# On the shoulders of Bell

Elie Wolfe’s hidden variables research is deeply counterintuitive – and may shed light on what quantum theory tells us about the world.

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Elie Wolfe’s hidden variables research is deeply counterintuitive – and may shed light on what quantum theory tells us about the world.

A lot of things got shaken up in 1964. The Beatles took America by storm, Cassius Clay became Muhammad Ali (and the heavyweight champion of the world), and a physicist from Northern Ireland named John Stewart Bell showed that reality was not as it seemed.

Bell showed that quantum mechanics allowed for weird correlations between two specially prepared, widely separated systems – correlations that couldn’t be explained in terms of “hidden variables” that led to the outcomes observed at the two locations in a straightforward, deterministic way. Such systems are said to be “entangled,” meaning that a measurement of one member of the pair immediately yields information about the second member, regardless of how far away it may be.

This apparent connection between spatially separated systems had been foreseen by Einstein some 40 years earlier, and he wasn’t happy about it. Physics as it was then understood had been founded on “local” interactions – for A to influence B, A has to be near B – rather than non-local influences, which Einstein derided as “spooky action at a distance.” Nonetheless, numerous experiments from the 1980s onwards have shown that these weird correlations are real.

Now, a team of scientists led by Elie Wolfe, a research associate at Perimeter Institute, has taken Bell’s theorem a step further. They have shown not only that nature is non-local but that this non-locality is inherently “multipartite” – that is, involving multiple parties, not just pairs of systems.

Not only that, Wolfe and his colleagues have shown that this is the case even if quantum mechanics is replaced by some broader, more general theory. In other words, no matter how well you understand the physics of every possible pair of entangled particles, it’s not enough: Some correlations can only be explained by examining three-way entangled systems, four-way entangled systems, and so on.

It’s a remarkable result – and one that could only be achieved by standing on Bell’s shoulders, so to speak.

“Bell’s theorem was shocking,” says Wolfe. He describes it as a “major paradigm shift” because it allowed physicists to rule out a certain class of hidden variable theories – that is, theories that would “save” locality by explaining the strange correlations seen in entangled systems as the result of hidden variables that describe conventional, local interactions.

Bell’s theory pulled the plug on those simple hidden variable models – and Wolfe and colleagues’ new work rejects a class of theories broader than all hidden variable theories, leading to the conclusion that “nature’s nonlocality must be boundlessly multipartite,” as Wolfe wrote in a recent paper. (A companion paper focuses specifically on the failure of solely bipartite connections.)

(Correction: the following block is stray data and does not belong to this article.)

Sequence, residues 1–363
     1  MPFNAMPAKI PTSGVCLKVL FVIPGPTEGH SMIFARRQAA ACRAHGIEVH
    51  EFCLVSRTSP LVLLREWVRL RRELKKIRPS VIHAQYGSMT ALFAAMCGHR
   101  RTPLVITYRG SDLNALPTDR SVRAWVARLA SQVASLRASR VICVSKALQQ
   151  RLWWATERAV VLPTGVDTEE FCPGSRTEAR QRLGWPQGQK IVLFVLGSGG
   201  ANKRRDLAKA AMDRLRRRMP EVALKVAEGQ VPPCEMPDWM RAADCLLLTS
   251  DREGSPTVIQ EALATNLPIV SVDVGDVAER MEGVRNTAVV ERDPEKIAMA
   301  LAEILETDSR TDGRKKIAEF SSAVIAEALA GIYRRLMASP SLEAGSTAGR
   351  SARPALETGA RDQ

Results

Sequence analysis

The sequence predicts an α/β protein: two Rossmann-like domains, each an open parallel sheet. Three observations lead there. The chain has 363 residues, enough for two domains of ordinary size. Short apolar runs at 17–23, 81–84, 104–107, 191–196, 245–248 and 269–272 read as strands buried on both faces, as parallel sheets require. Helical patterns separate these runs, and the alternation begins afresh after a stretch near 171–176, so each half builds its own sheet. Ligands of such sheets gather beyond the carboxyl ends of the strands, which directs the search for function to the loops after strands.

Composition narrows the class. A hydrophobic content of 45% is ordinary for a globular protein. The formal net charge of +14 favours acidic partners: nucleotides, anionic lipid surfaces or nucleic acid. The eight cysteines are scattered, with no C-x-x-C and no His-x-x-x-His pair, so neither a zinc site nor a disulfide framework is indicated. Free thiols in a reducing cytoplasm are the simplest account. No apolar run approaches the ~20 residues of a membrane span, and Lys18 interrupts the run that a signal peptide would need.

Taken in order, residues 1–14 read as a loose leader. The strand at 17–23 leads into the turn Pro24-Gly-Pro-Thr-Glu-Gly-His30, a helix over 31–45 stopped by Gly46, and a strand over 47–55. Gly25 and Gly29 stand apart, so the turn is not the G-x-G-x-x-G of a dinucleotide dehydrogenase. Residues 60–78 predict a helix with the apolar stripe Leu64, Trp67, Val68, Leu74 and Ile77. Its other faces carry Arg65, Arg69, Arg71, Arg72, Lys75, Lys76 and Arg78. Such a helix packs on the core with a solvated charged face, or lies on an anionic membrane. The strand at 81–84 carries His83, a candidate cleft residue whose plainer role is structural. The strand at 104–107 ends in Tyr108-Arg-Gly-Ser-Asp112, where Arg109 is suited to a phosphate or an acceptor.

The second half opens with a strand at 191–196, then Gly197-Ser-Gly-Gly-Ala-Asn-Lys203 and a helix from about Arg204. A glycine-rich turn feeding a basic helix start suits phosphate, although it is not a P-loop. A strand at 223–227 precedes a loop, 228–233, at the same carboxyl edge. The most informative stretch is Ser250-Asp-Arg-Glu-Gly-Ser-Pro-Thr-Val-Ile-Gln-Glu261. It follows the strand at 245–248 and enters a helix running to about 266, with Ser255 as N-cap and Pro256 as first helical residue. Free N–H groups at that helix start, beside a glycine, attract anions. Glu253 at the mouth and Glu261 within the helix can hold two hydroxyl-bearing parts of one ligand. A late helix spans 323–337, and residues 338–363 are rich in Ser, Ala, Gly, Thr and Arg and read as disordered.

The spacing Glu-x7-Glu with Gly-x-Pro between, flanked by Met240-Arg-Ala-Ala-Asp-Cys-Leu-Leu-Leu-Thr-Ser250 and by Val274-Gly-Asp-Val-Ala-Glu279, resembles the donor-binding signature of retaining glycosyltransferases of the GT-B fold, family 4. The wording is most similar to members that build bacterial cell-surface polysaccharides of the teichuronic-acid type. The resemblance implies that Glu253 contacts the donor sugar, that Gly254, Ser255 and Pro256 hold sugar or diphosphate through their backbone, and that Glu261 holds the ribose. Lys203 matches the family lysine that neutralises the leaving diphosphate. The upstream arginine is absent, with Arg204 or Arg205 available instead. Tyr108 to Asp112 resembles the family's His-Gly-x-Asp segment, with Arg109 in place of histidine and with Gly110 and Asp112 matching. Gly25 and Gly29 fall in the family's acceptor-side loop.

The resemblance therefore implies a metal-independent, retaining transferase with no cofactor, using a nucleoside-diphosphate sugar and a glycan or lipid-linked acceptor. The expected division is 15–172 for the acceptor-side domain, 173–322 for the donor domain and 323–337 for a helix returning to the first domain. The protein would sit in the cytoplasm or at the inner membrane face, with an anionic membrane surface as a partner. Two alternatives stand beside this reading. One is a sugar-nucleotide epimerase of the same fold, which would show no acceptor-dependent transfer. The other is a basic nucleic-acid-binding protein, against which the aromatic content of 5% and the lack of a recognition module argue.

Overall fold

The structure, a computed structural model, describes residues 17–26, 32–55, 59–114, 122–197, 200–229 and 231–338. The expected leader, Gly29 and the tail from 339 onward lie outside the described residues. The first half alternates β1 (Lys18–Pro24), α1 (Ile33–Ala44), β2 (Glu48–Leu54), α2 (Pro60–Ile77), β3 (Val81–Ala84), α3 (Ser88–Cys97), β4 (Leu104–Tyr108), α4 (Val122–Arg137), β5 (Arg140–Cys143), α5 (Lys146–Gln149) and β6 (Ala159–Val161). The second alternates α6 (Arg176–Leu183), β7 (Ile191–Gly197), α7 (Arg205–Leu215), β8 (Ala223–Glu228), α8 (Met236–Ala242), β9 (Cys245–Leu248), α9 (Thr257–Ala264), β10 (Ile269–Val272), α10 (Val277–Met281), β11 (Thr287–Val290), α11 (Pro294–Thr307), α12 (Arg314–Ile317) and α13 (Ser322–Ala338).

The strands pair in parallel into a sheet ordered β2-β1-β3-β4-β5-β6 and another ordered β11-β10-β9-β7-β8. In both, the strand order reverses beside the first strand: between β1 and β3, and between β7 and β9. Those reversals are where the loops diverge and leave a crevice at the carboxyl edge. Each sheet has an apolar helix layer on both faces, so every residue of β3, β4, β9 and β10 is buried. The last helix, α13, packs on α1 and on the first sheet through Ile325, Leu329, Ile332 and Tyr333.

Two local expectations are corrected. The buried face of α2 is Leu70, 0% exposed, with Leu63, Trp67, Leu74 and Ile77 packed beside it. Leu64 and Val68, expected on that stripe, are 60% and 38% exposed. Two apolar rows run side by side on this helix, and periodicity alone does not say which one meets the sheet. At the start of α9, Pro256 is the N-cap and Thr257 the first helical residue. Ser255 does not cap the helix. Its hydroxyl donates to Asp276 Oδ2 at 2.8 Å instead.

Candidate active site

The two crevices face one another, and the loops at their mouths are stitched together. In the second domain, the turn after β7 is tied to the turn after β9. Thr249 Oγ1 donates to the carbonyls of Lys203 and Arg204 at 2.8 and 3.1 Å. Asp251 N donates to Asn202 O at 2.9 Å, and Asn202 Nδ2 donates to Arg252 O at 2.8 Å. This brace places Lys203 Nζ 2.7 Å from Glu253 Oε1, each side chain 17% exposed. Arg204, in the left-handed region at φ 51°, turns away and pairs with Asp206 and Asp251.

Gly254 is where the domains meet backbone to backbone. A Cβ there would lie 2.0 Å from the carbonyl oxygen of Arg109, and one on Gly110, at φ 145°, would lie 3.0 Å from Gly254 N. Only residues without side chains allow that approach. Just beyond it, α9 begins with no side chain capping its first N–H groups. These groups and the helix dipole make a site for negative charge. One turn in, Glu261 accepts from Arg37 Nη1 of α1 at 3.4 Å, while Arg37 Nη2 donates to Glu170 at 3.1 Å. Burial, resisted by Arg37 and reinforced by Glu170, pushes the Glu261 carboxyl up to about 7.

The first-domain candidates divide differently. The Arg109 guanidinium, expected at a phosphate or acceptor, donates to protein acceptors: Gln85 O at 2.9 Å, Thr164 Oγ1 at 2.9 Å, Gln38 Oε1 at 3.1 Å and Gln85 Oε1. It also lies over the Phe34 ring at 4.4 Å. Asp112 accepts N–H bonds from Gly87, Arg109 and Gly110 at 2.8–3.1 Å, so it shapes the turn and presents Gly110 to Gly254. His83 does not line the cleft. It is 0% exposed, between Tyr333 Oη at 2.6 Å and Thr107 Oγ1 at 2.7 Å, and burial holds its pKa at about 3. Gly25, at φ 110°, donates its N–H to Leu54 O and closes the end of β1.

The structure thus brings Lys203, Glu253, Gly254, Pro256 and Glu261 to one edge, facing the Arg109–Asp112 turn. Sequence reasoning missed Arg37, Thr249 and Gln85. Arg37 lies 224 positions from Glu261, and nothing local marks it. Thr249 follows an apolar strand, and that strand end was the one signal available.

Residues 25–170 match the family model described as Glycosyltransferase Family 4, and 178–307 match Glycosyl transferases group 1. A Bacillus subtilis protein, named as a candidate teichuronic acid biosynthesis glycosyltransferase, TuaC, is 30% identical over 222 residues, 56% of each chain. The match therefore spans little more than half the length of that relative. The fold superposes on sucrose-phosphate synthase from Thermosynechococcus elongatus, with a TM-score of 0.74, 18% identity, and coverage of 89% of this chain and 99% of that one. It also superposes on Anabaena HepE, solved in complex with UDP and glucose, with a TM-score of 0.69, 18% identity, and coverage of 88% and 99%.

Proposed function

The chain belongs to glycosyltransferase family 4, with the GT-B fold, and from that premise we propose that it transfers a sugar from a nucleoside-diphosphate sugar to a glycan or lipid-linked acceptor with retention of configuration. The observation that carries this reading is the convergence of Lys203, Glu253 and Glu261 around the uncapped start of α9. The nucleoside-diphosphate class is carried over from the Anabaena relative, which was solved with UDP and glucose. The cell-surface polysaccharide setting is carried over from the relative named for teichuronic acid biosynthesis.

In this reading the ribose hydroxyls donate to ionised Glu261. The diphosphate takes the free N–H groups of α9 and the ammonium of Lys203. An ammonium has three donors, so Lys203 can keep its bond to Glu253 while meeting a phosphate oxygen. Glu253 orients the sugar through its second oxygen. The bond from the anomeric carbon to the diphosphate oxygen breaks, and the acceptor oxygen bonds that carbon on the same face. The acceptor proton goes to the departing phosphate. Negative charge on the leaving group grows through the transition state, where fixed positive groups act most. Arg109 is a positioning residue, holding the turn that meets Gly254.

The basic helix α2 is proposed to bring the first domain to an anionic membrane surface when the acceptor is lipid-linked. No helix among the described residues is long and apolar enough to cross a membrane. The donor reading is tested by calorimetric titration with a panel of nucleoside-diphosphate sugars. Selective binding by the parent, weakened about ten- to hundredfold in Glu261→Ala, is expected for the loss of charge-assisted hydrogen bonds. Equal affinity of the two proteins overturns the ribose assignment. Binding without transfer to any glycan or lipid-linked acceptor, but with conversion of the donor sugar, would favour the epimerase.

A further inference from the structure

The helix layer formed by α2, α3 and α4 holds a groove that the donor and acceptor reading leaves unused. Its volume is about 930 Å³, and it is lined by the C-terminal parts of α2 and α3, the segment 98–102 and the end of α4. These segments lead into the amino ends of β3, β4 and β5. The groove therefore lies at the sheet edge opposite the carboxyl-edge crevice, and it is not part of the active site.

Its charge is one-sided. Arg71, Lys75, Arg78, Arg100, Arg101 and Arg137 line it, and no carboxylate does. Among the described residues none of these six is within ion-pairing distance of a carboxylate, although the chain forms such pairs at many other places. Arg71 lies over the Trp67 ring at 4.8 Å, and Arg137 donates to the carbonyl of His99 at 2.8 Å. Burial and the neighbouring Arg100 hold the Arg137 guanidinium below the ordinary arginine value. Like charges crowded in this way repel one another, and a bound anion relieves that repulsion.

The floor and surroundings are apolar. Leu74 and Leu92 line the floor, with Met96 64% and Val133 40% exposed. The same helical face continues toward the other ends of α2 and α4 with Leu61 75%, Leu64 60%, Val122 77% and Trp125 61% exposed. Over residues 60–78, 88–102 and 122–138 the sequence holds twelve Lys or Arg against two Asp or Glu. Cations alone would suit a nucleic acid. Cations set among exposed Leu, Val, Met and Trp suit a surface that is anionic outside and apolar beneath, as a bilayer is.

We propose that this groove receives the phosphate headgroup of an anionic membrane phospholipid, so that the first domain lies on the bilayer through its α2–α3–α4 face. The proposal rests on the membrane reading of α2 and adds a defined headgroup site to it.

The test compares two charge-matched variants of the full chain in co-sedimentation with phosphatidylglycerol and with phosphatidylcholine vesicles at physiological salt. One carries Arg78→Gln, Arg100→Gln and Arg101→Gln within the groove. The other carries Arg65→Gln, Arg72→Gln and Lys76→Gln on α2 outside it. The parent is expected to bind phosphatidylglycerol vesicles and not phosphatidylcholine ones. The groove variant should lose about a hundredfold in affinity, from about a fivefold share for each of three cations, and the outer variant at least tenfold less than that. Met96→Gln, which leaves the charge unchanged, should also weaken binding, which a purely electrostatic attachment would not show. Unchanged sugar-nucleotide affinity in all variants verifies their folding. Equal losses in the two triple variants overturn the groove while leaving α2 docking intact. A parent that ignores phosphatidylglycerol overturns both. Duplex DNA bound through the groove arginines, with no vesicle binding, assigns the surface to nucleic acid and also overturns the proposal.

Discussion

As is often the case with quantum mechanics, the result is deeply counterintuitive; there simply isn’t anything in the classical world that’s quite analogous.

Still, it is perhaps useful to think of a cartoonish analogy, even if it does nothing more than introduce the flavour of the problem. Suppose it’s the early 1960s: You’re George Martin, the Beatles’ producer, and you’re wondering what sort of songs the band’s three songwriters, John, Paul, and George, are likely to come up with. (For the purposes of this not-great analogy, we’ll ignore poor Ringo, as catchy as “Octopus’s Garden” would turn out to be.)

First, you think, “Well, I know what each of them can do individually – surely that’s enough.” But it’s not – because you quickly discover that when any two of them get together, the results are very different from what you’d get by simply combining the individual work of each member of the pair. Then you think, “Okay, I need to know what each *pair* of them is likely to produce” – and so you study what happens when John and Paul collaborate, and when John and George collaborate, and when Paul and George collaborate.

And yet, this still doesn’t do the trick: No matter how well you understand each of the pairs, something different happens when you put *all three of them* into a room and ask them to make music. Again, it’s a very loose analogy – people are not quantum systems – but it perhaps gives the flavour of what Wolfe and his colleagues have discovered about the quantum world.

Actually, the result goes beyond mere quantum mechanics: Wolfe and his team have been exploring a broad class of theories known as generalized probabilistic theories, or GPTs. This broad class of theories “tries to situate quantum theory as one of an infinite spectrum of possible theories,” he says.

What all these theories have in common is that they go beyond hidden variable explanations; they further allow for exotic manners of generating statistical correlations among physical systems. “It turns out our universe fits a description in terms of quantum theory,” Wolfe says, “but we can imagine more exotic theories also being plausible descriptions.”